To distill soju in a traditional Korean way in Brooklyn was Brandon Hill’s first challenge. Now, he has undertaken a new one in Chungju, Chungcheongbuk Province, where he combines Korean culture with American sensibility by making soju that pleases many tastes. Hill’s first experience of Korean alcohol dates back to his college years.
“The first time I had Korean alcohol was because of my Korean roommate when I was at University of Hawaii,” Hill said. “Since then, I became interested in the Korean traditional method of creating fermented drinks.”
According to Hill, his extraordinary passion for making alcohol was largely influenced by his grandparents. His family had had a tradition of making alcohol, but when his grandparents immigrated to America, they stopped.
“Although we do not make alcohol anymore, I still developed great interest for it. I started making beer when I was a teenager, then making whisky and gin among other beverages in my mid-twenties,” Hill said. “After that, I started getting interested in exotic drinking cultures worldwide, and that’s where Korean came in.”
From late 2010 to 2012, Hill stayed in Korea and learned traditional liquor manufacturing techniques at Kyonggi University's Susubory Academy, developing curiosity about Asian brewing methods.
“As for Korean alcohol, I had never worked with rice before, and the way fermentation happens in Asia is much different to that of Europe and the U.S.,” Hill commented. “The U.S. was more influenced by the UK, where immigrants from Ireland and England brought in their gin and whisky culture. They introduced a brand new fermentation culture.”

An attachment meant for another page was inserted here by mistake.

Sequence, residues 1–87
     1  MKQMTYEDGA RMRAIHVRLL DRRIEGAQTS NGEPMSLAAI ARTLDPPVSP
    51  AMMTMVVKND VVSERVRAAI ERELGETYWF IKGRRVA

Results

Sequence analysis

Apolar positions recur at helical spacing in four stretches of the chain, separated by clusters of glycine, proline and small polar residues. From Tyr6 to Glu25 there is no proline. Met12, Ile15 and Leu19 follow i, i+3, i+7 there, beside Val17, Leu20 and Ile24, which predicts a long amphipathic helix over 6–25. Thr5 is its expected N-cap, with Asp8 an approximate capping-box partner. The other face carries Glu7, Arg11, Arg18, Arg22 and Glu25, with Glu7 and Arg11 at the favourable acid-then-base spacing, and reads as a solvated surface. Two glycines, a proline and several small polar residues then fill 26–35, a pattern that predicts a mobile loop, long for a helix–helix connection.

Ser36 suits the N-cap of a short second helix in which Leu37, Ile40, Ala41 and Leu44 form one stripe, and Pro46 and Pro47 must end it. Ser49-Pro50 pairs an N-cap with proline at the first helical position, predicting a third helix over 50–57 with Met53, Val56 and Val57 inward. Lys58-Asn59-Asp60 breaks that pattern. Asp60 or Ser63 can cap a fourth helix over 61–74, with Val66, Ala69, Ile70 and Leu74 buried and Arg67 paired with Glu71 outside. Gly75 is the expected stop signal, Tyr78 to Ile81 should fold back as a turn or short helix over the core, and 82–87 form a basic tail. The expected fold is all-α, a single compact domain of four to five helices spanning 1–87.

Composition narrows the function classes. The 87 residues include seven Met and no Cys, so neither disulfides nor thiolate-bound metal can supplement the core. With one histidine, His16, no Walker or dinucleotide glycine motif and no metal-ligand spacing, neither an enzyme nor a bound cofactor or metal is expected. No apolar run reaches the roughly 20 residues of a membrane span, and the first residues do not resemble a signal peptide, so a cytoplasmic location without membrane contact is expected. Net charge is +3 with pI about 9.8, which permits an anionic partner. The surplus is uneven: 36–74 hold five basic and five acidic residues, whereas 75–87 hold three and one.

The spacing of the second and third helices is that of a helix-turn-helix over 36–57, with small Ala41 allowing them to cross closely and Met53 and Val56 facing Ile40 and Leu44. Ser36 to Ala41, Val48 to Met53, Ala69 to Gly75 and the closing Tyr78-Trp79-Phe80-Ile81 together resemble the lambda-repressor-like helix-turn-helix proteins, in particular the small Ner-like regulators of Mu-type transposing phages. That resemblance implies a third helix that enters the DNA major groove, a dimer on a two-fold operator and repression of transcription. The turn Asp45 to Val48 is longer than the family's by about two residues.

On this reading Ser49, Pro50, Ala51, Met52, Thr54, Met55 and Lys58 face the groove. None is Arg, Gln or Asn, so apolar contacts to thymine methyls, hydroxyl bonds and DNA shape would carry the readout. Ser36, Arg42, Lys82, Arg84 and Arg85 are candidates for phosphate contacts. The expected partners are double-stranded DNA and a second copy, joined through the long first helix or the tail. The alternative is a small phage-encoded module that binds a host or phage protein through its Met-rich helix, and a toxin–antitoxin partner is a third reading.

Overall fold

Hill also enjoys experimenting to make his own alcohol. When he ran his own brand, Tokki Soju, in Brooklyn, he went all over California to get glutinous rice, or chabssal in Korean, a primary ingredient of soju.
“I wanted to use a Korean type of rice, so I was experimenting with chabssal and maebssal. But I really liked the sweetness and the quality of chabssal better,” Hill said. “That is why I went out to California by the Napa Valley, the largest region where chabssal is cultivated in America.”
The brand label of Tokki Soju, which shows a rabbit going down the mountain, is also worth mentioning since it was made by Hill himself. There is a hidden story behind this label.
“I started the brand myself with some background in art and science. I wanted the tokki, ‘rabbit’ in Korean, to be the reflection of my story in Korea,” Hill said. “In 2011, when I was in Korea, it was the year of the rabbit, and I really liked the fact that Korea was following the lunar culture.”
The most typical soju in Korea is diluted soju, the combination of highly concentrated ethanol and sweetening agents with other additives in water. However, Hill values the craft of making soju using more traditional methods.
“We want Korean alcohol to be respected the same way Japanese saké and western spirits do. We do not want people to just think that alcohol comes only in green bottles in Korea. The country has a beautiful history and fascinating alcohol culture. We want to be able to showcase that to the world on the highest cheer.”